On Christmas Eve the city throbbed with the clank of arms and the tramp of the great retinues of princes, kings and powerful lords who had come at the archbishop's summons, and by day and night the narrow ways were crowded with armed men. Long ere the dawn of Christmas Day, the lords and the common people betook themselves along the wide road which led across to the church, which then stood in a wide space amid fields, and all knelt therein to mass.

While it was yet dark a great strange cry rang out in the churchyard. Some ran forth, and there by the wall behind the high altar they saw a vast stone, four-square, that had not been there before, and in the middle thereof was stuck a great wedge of steel, and sticking therefrom by the point was a rich sword. On the blade were written words in Latin, which a clerk read forth, which said, 'Whoso pulleth this sword out of this stone and wedge of steel is rightwise born King of all Britain.'

The clerk ran into the church and told the archbishop, and men were all amazed and would have gone instantly to see this marvel, but the archbishop bade them stay.

'Finish your prayers to God,' he said, 'for no man may touch this strange thing till high mass be done.'

When mass was finished, all poured forth from the church and thronged about the stone, and marvelled at the words on the sword. First King Lot, with a light laugh, took hold of the handle and essayed to pull out the point of the sword, but he could not, and his face went hot and angry. Then King Nentres of Garlot took his place with a jest, but though he heaved at the sword with all his burly strength, till it seemed like to snap, he could not move it, and so let go at last with an angry oath. All the others essayed in like manner, but by none was it moved a jot, and all stood about discomfited, looking with black looks at one another and the stone.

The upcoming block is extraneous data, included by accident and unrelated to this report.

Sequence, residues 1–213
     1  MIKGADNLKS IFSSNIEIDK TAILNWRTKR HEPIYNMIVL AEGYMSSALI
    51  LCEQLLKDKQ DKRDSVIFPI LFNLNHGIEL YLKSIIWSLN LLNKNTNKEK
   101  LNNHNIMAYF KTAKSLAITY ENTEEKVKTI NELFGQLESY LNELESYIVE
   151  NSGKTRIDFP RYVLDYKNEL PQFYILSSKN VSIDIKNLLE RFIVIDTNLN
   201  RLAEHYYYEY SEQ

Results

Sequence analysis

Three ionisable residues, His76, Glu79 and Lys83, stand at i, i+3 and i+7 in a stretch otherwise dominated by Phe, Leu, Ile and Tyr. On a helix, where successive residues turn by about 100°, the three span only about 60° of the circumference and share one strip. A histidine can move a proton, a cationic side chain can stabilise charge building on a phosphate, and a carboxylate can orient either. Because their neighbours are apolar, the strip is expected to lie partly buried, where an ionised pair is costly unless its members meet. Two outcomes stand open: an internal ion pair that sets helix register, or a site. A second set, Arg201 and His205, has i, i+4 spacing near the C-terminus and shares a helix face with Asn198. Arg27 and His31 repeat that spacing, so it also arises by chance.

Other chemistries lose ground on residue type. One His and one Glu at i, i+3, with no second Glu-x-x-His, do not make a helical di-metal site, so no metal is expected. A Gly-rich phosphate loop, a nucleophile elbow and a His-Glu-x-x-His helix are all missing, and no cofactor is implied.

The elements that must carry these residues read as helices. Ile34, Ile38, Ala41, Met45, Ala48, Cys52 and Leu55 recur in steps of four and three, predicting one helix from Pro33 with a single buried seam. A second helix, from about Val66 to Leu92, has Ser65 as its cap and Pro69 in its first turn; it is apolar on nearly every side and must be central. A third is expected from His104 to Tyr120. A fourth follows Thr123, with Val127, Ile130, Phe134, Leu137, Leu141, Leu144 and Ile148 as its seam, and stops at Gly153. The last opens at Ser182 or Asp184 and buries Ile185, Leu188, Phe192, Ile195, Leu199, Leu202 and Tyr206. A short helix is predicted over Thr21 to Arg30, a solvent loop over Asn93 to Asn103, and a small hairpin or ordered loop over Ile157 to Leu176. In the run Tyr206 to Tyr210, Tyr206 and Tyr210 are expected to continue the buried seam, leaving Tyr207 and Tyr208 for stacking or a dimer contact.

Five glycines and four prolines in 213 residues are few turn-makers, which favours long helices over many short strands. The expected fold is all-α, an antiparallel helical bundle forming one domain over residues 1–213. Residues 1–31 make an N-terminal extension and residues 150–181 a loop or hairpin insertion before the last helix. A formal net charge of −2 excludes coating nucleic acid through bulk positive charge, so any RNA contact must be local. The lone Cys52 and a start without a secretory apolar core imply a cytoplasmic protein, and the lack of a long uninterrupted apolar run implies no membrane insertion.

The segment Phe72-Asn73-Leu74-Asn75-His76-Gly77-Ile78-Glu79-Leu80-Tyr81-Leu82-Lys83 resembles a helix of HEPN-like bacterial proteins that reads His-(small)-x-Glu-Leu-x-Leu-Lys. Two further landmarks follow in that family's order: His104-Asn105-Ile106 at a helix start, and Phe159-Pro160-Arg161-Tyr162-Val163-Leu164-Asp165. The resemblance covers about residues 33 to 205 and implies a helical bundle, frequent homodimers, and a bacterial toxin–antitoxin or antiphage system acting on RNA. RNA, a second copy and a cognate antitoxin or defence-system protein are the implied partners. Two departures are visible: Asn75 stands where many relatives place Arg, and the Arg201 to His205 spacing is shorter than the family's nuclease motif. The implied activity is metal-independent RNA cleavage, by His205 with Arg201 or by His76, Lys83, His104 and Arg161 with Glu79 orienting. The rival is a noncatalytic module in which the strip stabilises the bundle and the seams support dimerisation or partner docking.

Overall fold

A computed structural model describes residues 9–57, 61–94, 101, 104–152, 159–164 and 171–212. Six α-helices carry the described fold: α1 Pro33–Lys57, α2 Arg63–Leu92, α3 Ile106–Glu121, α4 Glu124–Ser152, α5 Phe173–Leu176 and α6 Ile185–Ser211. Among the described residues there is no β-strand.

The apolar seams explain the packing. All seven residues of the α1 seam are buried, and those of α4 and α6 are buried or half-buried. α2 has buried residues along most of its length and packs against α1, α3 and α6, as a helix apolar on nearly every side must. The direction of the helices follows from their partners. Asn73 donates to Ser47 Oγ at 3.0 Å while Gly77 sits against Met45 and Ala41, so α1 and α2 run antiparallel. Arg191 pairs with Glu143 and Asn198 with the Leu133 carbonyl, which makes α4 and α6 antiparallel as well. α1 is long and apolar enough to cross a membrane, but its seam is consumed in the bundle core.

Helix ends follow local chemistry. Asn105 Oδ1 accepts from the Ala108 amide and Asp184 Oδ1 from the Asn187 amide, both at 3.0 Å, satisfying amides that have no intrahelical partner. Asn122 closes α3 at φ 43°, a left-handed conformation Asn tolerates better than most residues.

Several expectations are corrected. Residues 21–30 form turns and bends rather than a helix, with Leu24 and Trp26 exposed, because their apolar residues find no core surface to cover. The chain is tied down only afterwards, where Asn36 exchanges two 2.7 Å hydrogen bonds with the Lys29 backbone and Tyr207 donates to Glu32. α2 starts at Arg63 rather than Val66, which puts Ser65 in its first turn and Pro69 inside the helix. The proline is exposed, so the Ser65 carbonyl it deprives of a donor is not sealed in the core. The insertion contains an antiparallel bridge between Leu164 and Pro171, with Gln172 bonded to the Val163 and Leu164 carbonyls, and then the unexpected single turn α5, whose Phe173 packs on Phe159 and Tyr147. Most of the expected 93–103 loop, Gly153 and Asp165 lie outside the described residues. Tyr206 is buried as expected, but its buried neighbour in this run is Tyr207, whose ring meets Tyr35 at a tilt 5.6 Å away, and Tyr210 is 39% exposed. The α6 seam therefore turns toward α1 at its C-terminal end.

'He that is rightwise born ruler of Britain is not here,' said the archbishop at length, 'but doubt not he shall come in God's good time. Meanwhile, let a tent be raised over the stone, and do ye lords appoint ten of your number to watch over it, and we will essay the sword again after New Year's Day.'

So that the kings and lords should be kept together, the archbishop appointed a great tournament to be held on New Year's Day on the waste land north of the city, which men now call Smithfield.

Now when the day was come, a certain lord, Sir Ector de Morven, who had great lands about the isle of Thorney, rode towards the jousts with his son, Sir Kay, and young Arthur, who was Sir Kay's foster-brother. When they had got nearly to the place, suddenly Sir Kay bethought him that he had left his sword at home.

'Do you ride back, young Arthur,' he said, 'and fetch me my sword, for if I do not have it I may not fight.'

Willingly Arthur turned his horse and rode back swiftly. But when he had arrived at the house, he found it shut up and none was within, for all had gone to the jousts. Then was he a little wroth, and rode back wondering how he should obtain a sword for his foster-brother.

Suddenly, as he saw the tower of St. Paul's church through the trees, he bethought him of the sword in the stone, about which many men had spoken in his hearing.

'I will ride thither,' said he, 'and see if I may get that sword for my brother, for he shall not be without a sword this day.'

When he came to the churchyard, he tied his horse to the stile, and went through the grave-mounds to the tent wherein was the sword. He found the place unwatched, and the flashing sword was sticking by the point in the stone.

Lightly he grasped the handle of the sword with one hand, and it came forth straightway!

Then, glad that his brother should not be without a sword, he swiftly gat upon his horse and rode on, and delivered the sword to Sir Kay, and thought no more of aught but the splendid knights and richly garbed lords that were at the jousts.

But Sir Kay looked at the sword, and the writing, and knew it was the sword of the stone, and marvelled how young Arthur had possessed himself thereof; and being of a covetous and sour mind he thought how he might make advantage for himself. He went to his father, Sir Ector, and said:

'Lo, father, this is the sword of the stone, and surely am I rightful king.'

Sir Ector knew the sword and marvelled, but his look was stern as he gazed into the crafty eyes of his son.

'Come ye with me,' he said, and all three rode to the church, and alit from their horses and went in.